For better or worse, there is an expectation that comes with sitting down to watch a film with Nazi zombies...
...Horror has toyed with the concept time and again, and you’d think it might be stale by now, but the ridiculous amalgam always pulls a devious smile out of me. That said, it’s hard to ignore the been there, done that feeling with these violent, tongue-in-cheek films. Director/creator Marc Fehse attempts to bring something new to the Nazi zombie formula with Sky Sharks (written with A.D Morel and Carsten Fehse), making its UK premiere at this year’s FrightFest Film Festival. That’s right: Nazi zombies and sharks. I absolutely love the sharp finned beasts, and never miss my beloved Shark Week, so I was more than happy to give Sky Sharks its fair day in my movie court. The inclusion of sharks may be enough to get me on board, but this hyper stylized horror outing leaves a bit to be desired under the surface.
Sky Sharks sets its tale in the icy Antarctic, where a small group of mercenaries discover a hidden Nazi experimentation complex. Deep within the lair, genetic experiments were conducted on sharks and undead soldiers, eventually fusing the two together to create weaponized, flying sharks. These “sky sharks” are manned by the undead Nazi soldiers, with the sole purpose of furthering destruction and world domination. To stop the growing threat, highly trained sisters, Diabla (Eva Habermann) and Angelique (Barbara Nedeljakova), and their father, Dr. Klaus Richter (Thomas Morris) must deploy a secret weapon of their own.
While it’s true not every film needs to have a wealth of substance—some of my favorite films are loved for their visual fidelity alone—what most do need, regardless of genre, is consistency, flow, and, if we’re lucky, interesting characters. Sky Sharks struggles with these elements in a big way. The favoring of visual spectacle over substance isn’t necessarily what bothers me here, though. Rather, it’s the lack of actual scenes that move the story forward or introduce who these characters are. It’s a shame, too, because had they been fleshed out just a little, this could be a fun franchise with potentially high fandom. Nearly every segment starts and ends with action-oriented montages reminiscent of a music video, complete with edgy pop tunes to accompany them. Characters rarely have actual conversations with each other and when they do, it’s through high tech face cams and monitors. Much of the supporting cast, including Tony Todd as Major General Frost, are only shown this way, and it establishes an awkward, disconnected feeling. The story does call for international communication, but there could have been more person to person interaction. The only scenes that tapped into naturalistic story and character development were a series of flashbacks chronicling Dr. Klaus Richter’s war torn past. Aside from that, all of the choppy, exposition-heavy face cam conversations and music video inspired montages amount to a disjointed and directionally manic story.
With a film spearheading with sharks and Nazi zombies, you know it at least has a sense of humor about itself. Unfortunately, many of the gags and jokes fall flat. If watching a drunk Cary-Hiroyuki Tagawa make inappropriate advances to an airline stewardess is comedic gold to you, then Sky Sharks has you covered. Most of the gags hover around that kind of crude territory or involve gratuitous nudity for its own sake. I did find much of the violence irresistibly funny, however. The very sight of a fleet of Nazi zombie mounted sharks soaring through the skies in perfect formation easily had me laughing. It’s as ridiculous as it sounds, and as I said earlier, it’s hard for Nazi zombie anything to lose all of its charm. It’s just too damn fun and ridiculous to hate.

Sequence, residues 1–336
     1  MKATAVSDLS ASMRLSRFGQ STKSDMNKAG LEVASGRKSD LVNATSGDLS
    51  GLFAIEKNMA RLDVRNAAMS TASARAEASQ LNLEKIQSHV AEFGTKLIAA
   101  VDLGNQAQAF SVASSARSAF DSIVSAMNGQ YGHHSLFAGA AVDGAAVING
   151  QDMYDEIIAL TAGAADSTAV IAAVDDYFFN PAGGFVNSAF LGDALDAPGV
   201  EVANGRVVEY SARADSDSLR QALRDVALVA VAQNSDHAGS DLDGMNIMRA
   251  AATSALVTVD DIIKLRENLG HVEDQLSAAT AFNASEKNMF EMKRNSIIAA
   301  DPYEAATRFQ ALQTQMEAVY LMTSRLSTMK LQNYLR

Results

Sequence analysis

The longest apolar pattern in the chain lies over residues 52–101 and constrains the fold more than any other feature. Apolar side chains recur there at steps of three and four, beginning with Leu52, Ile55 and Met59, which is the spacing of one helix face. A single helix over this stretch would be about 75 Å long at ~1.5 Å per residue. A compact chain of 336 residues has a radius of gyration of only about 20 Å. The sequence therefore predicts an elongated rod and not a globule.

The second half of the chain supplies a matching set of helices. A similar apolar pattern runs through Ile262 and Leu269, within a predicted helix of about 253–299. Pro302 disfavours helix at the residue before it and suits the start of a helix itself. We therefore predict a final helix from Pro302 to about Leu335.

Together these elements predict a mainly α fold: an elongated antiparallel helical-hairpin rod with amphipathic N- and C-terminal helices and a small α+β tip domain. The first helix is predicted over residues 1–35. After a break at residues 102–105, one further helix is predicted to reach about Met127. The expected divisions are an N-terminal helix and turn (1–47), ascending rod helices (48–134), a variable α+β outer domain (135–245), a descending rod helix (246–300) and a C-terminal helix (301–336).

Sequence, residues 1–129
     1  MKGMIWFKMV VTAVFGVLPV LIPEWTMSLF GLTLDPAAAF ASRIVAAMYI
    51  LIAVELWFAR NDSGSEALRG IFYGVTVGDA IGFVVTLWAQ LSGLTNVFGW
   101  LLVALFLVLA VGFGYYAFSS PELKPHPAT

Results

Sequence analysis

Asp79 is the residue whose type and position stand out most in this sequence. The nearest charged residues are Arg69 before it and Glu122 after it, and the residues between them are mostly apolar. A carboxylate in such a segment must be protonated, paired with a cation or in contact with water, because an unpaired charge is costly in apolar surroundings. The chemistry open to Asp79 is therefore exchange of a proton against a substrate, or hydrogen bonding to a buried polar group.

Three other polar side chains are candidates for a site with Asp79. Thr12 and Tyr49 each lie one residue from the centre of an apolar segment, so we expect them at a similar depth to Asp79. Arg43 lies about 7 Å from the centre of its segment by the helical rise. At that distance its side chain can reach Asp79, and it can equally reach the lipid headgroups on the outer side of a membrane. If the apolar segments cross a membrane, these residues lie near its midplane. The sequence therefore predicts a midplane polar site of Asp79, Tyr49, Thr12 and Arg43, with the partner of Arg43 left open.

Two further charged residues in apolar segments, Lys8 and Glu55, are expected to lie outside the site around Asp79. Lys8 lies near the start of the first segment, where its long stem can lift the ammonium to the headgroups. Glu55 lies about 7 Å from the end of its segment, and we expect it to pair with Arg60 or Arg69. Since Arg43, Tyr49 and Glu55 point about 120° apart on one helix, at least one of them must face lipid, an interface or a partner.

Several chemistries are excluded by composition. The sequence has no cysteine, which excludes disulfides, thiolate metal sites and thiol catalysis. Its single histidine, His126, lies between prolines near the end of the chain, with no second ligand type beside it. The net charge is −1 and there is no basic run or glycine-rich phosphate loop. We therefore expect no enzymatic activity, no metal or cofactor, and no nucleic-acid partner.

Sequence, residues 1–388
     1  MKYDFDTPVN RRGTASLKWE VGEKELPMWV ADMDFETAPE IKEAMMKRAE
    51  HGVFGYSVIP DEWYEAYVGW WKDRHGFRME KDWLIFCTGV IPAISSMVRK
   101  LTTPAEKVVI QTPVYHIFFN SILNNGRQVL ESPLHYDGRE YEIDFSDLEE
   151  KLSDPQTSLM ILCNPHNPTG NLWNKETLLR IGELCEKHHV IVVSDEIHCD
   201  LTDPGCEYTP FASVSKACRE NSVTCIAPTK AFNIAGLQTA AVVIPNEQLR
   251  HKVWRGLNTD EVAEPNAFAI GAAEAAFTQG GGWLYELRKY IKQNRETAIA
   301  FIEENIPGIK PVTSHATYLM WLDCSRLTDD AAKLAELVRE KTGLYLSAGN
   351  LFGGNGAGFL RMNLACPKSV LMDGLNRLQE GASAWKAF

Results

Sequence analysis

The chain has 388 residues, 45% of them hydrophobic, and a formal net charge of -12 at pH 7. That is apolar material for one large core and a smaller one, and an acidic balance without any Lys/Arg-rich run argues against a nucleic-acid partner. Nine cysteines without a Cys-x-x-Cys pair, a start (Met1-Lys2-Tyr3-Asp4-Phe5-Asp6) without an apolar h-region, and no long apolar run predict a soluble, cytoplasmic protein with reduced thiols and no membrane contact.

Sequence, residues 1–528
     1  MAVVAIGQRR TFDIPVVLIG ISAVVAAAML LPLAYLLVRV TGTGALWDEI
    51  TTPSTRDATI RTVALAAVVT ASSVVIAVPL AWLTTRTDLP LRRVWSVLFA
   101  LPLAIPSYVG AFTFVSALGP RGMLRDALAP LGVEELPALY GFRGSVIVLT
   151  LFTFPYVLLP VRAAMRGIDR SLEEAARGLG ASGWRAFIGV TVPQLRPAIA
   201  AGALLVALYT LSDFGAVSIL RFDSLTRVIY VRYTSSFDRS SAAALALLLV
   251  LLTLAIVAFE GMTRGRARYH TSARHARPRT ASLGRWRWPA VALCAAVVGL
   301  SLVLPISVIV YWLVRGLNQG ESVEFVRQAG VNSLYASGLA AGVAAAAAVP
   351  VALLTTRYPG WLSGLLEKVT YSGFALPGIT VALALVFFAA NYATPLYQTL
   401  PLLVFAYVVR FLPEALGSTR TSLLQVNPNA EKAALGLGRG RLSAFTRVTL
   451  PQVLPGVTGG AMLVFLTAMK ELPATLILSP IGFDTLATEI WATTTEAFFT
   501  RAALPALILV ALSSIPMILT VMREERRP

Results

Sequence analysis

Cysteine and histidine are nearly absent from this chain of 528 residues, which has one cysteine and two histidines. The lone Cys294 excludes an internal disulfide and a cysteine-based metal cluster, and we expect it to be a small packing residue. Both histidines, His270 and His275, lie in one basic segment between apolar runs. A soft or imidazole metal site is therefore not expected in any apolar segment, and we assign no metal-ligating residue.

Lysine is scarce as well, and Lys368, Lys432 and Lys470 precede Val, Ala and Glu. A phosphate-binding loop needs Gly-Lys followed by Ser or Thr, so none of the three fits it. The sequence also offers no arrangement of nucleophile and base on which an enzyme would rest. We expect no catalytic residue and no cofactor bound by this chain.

Sky Sharks might be a disastrous mess of a film in terms of structure and consistency, but it’s a drop-dead gorgeous mess. I see a lot of films with hefty art departments utilizing the best visual effects houses, but few impress me the way Sky Sharks did. It left such a visual mark on me that I immediately set up a second viewing, partially so I could freeze frame some of the incredible computer-generated sets. The colossal Nazi complex was the standout for me, with its densely populated hangars of sky sharks stretching deep within the Antarctic caverns. Mechanical cranes gracefully lifted and maneuvered the finned metallic war machines to various stations, deservedly showing off the attention to design and detail. None of this, of course, looks “real”, but it’s not supposed to. The heavy use of green screen and digitally created sets fit the film’s aesthetic. There are also some creatively executed actual set pieces, such as one involving a 747 airliner being surrounded by a fleet of sky sharks. A cable is speared from one shark, through the body of the plane, then latches onto the adjacent shark. I won’t spoil it, but I’ll just say what comes next is highly reminiscent of a very memorable scene from Ghost Ship (2002). There’s never a moment that tops that, but a few come close, and they are all a joy to watch. Nearly every frame of the film had something interesting going on in the visual department and judging by the long crawl of credits it’s clear that visually, this was no small feat.
To determine whether Sky Sharks is worth your time or not greatly depends on your tolerance of poor narrative structure and a near complete lack of characterization. This is a visual feast, and as a fan of visual effects with an appreciation for art departments, I was able to overlook the film’s flaws. At its core this is a feature length ultra-violent music video. While it certainly has its narrative and structural flaws, it is an unmissable entry for fans of visual effects and art design.
By Jeffrey W. Hollingsworth